The late Archaic temple we see today was erected on the ruins of this older temple at the end of the 6th century BCE, or early in the 5th century. Excavations of the temple of Aphaia began in 1811, and were continued by German archaeologists in 1901.

The temple of Aphaia is Doric peripteral with six columns at the ends and twelve columns at the flanks, a 1:2 proportional relationship that was unusual for a temple of its era. Earlier archaic temples were usually built with a 1:3 proportional relationship.

The temple of Aphaia introduced architectural refinements in its proportions and inclination of the columns that influenced the architectural style of later Classical temples like the Parthenon of Athens.

The temple had a total of 32 columns, 29 of which were monolithic and three were built of drums. It was constructed entirely of local limestone and it was covered with marble stucco that was itself painted with pigments. Compared with other temples of the era, the temple of Aphaia is much more refined with slender columns spaced further apart, rising with subtler entasis, to conclude at a smaller capitals that support a lighter entablature.

The temple of Aphaia presented another innovation in its interior. Instead of a single colonnade that spans the distance from floor to ceiling, the architects incorporated a two-storeyed colonnade to support the flat roof. The bottom columns are thinner than the exterior columns, and taper as they rise half way to the ceiling to support a slender entablature. Directly above each column, another one was placed to span the space between the entablature and the ceiling. The interior columns, consistent with the peristlyle, are of the Doric order and taper continuously from the floor all the way to the ceiling.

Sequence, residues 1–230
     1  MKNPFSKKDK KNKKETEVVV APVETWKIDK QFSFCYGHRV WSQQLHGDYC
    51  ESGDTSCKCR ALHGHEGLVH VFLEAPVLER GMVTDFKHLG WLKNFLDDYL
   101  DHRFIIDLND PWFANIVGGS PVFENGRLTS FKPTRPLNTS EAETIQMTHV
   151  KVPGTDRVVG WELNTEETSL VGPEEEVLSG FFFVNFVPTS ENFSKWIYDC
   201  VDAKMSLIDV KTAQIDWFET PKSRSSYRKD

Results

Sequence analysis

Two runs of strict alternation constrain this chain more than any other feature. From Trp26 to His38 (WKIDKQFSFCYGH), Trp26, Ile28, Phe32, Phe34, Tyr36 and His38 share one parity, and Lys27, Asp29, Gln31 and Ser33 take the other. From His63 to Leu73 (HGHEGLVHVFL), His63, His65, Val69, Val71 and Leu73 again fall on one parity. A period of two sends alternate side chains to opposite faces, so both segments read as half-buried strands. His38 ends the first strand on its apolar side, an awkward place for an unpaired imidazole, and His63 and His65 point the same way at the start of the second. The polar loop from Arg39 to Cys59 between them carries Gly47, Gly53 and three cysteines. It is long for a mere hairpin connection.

Aphaia temple planThe double naos was divided into three isles by the double-decked colonnade length wise, and it had both a distyle pronaos and opisthodromos in antis (small rooms at the front and the back with two supporting columns each), and it housed the cult statue of Athena that was made of ivory.

The temple was lavishly decorated with vivid colors and some of the finest sculptures of the Late Archaic and Early Classical period. The sculptural composition of the pediments were unique because they presented a unified theme and consistent size of all sculptures. While Athena is the largest figure in both pediments as she stands tall in the center of the triangle, the rest of the figures are all the same size as they appear in different postures that allows them to conform to the diminishing space of the triangular pediments.

The complex of sculptures of Parian marble depict scenes from the Trojan war and were put in place when the temple was completed around 490 BCE. The sculptures of the East pediment were replaced a decade or two later, probably because they were damaged. Consequently, the early statues belong to the Late Archaic period, while the newer sculptures exhibit all the characteristics of the Classical era.